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What is the Employment Non-Discrimination Act?

The Employment Non-Discrimination Act (ENDA) is legislation proposed by the United States Congress that would prohibit discrimination because of an individual’s actual or perceived sexual orientation or gender identity. The proposed text of the law prohibits specifically the failure or refusal to:

  • hire, discharge, or otherwise discriminate with respect to the compensation, terms, conditions, or privileges of employment of such individual; or (2) limit, segregate or classify employees or applicants in any way that would deprive any individual of employment or adversely affect an individual’s status as an employee. Prohibits employment agencies, labor organizations, and training programs from engaging in similar practices that would adversely affect individuals based on such actual or perceived orientation or identity.

The law, like other non-discrimination laws, prohibits any form of retaliation or harassment by a covered entity based on opposing such an unlawful employment practice; or making a charge, testifying, assisting, or participating in an investigation, under ENDA.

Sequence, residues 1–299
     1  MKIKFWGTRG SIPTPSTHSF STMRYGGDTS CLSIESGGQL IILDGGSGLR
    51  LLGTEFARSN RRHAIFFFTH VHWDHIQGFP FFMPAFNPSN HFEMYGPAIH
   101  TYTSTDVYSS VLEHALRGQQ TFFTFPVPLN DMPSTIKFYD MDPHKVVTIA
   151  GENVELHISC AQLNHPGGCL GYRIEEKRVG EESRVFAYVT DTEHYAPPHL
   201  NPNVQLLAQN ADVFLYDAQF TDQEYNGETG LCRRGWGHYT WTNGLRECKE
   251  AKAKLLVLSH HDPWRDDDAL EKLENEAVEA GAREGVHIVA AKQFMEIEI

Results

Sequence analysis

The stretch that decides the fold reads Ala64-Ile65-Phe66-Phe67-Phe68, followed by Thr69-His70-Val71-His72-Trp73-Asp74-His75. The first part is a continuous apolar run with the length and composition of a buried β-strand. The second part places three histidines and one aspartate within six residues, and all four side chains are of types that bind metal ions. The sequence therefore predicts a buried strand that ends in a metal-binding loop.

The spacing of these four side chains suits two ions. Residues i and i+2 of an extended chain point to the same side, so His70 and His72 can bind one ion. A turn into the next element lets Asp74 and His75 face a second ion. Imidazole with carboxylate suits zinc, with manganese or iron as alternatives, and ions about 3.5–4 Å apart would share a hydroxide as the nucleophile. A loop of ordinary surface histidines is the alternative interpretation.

The law would apply to employers with at least 15 employees. as well as federal, state, and local government employers. However, ENDA, as it is being proposed, exempt from compliance organizations affiliated with, or run by religious groups including schools, corporations, associations, societies, hospitals, social services agencies, gyms, and community centers run by religious groups or with religious missions, retirement homes, newspapers, and publishers.

Enforcement of the Employment Non-Discrimination Act

ENDA would be enforced like Title VII of the Civil Rights Act of 1964. The Department of Justice would handle enforcement actions concerning state and local governments, and the Equal Employment Opportunity Commission (EEOC) would enforce violations against private employers.

Status

ENDA was passed by the US Senate on a bipartisan basis on November 7, 2013, by a vote of 64-32. It has yet to pass the House of Representatives, although there have been efforts to move the bill forward.

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